The bad side: the instability of the income and the need to be constantly looking for work. While I have some regular clients, I have learned that you should never stop prospecting so that’s what I do: send emails and make cold calls in search of writing assignments. My fantasy is to someday win the lottery so I can relax, just a little. But until that happens, I am always job seeking!

The other category is my passion for writing. That's the essay/fiction writing. I do it because I love to write, especially fiction, so although I don't turn down any money someone might offer me for a piece, my primary motivation is first just to write it and only then to try to get it published, if possible. I've had some short stories published, have the first collection out and have finished a second collection, Peripheral Visions and Other Stories, that I hope to release next year. 



I’ve also finished two novels, one of which has interested a publisher to the point where she wants to see it again after I do some rewriting and editing and polishing and perfecting. I love the story and I know it needs some renovating so that’s on my list for 2018!

You’re an amazing author, but also a great champion of other authors as well. You host an incredible blog called, One on One: Insights Into the Writer’s Life. Can you tell us about this project? 

Thanks for the compliment! (Imagine me blushing…)

As for the One on One blog, it came about after I fought tooth and nail against doing any kind of blogs at all! Then I started the one for The Gifts of Change (Make A Change blog), Focus on Fiction (originally named Finding Fran) and The Writer’s Place (for writers of all genres).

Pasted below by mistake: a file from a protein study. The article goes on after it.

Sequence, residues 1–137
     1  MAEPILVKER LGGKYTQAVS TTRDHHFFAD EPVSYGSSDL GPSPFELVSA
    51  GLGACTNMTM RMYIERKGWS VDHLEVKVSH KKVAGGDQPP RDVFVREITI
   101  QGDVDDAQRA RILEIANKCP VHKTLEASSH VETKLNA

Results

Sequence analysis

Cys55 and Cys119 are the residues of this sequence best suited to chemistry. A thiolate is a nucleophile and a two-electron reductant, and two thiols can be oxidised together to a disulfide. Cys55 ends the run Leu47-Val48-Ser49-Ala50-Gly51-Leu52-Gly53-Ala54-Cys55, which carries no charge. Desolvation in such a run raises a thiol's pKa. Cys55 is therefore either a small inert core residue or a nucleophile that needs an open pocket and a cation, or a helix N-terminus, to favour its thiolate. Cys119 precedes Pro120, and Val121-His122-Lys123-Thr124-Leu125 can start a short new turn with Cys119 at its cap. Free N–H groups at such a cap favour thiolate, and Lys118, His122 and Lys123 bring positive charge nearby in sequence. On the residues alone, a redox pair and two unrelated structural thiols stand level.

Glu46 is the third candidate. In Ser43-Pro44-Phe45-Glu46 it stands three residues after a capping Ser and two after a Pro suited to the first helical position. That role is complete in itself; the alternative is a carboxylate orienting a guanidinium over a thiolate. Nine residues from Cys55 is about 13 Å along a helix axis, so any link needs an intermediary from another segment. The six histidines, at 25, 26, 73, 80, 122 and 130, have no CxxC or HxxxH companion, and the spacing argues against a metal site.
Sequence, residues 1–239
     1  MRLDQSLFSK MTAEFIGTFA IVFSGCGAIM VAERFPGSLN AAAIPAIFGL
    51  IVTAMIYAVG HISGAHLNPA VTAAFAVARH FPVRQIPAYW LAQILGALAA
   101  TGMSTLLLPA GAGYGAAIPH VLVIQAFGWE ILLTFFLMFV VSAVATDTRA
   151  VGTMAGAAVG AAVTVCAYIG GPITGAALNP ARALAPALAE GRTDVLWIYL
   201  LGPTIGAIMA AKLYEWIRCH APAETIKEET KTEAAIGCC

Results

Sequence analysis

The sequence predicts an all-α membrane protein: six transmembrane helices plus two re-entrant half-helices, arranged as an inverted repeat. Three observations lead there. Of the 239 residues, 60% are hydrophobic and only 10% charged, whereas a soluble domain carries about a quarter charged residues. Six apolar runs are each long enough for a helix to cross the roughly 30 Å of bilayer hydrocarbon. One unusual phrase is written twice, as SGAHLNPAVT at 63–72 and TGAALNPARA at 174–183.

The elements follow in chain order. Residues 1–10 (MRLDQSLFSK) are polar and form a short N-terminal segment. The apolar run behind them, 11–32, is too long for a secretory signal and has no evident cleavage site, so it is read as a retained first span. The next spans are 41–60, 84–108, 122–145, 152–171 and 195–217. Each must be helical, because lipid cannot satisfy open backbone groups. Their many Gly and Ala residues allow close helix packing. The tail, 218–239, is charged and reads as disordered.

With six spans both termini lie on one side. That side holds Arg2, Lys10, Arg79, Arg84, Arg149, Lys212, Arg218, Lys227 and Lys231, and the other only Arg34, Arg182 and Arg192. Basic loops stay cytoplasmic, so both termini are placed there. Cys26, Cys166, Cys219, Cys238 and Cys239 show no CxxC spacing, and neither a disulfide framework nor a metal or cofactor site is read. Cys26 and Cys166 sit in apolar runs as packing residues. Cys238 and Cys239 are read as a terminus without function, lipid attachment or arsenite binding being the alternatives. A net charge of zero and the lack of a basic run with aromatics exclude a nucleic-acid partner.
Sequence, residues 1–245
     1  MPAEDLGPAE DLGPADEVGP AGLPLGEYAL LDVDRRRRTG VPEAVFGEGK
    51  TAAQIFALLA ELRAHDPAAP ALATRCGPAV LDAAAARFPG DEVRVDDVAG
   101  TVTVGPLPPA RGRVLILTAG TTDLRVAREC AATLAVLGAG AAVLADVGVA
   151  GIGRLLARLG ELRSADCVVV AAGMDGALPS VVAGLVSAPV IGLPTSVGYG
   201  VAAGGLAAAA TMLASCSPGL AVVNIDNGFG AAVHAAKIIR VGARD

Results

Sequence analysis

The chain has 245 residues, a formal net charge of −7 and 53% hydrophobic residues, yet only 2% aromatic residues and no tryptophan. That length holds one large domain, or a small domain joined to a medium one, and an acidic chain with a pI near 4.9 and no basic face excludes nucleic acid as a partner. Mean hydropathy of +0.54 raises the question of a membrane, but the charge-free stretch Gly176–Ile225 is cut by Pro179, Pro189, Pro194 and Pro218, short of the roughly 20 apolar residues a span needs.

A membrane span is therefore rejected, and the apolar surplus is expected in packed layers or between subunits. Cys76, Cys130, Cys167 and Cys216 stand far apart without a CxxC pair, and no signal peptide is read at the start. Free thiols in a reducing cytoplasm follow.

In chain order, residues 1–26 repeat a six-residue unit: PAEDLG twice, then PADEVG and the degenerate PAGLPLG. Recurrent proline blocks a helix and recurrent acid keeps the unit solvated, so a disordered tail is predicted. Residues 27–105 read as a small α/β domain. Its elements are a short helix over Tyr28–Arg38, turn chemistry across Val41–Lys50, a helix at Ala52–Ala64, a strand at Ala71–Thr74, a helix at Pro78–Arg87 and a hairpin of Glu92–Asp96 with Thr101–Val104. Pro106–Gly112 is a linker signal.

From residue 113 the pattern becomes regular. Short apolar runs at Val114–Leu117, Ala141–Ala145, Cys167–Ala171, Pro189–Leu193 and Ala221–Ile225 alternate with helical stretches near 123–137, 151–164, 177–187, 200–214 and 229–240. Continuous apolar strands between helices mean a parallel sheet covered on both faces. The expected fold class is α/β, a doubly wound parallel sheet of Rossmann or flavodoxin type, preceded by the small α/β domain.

I had an idea that I wanted to write a book about living the writing life but didn’t want it to be just my experiences—I don’t think that would be very interesting!—so I decided to start by interviewing other authors to see how open they would be to answering my questions. God bless them all, they were and it’s been fabulous, with a lot them also contributing to Rut-Busting Book for Writers.

But I still want to write the book that triggered the blog idea so that’s on my To-Do list (which keeps getting longer and longer and longer…)


Writing is clearly your passion. When you’re not writing, what do you like to do? What helps you clear your head and recharge your batteries to go back to writing with eagerness and a fresh perspective?

I love to be outside! That comes from me being such a tomboy when I was a kid, always playing outside. I work in the garden or the yard, run, walk, bike ride—anything to get the blood flowing and work out the kinks. This summer, I hauled out my rototiller and redug my garden, then moved shrubs and saplings, then trimmed branches (the ones the storms hadn’t already knocked down!) and hauled countless bags of mulch and topsoil. My poor car—I treat it like a truck!

Physical activity is perfect for when I am feeling frustrated or frightened or tired—and sometimes I feel all three at the same time!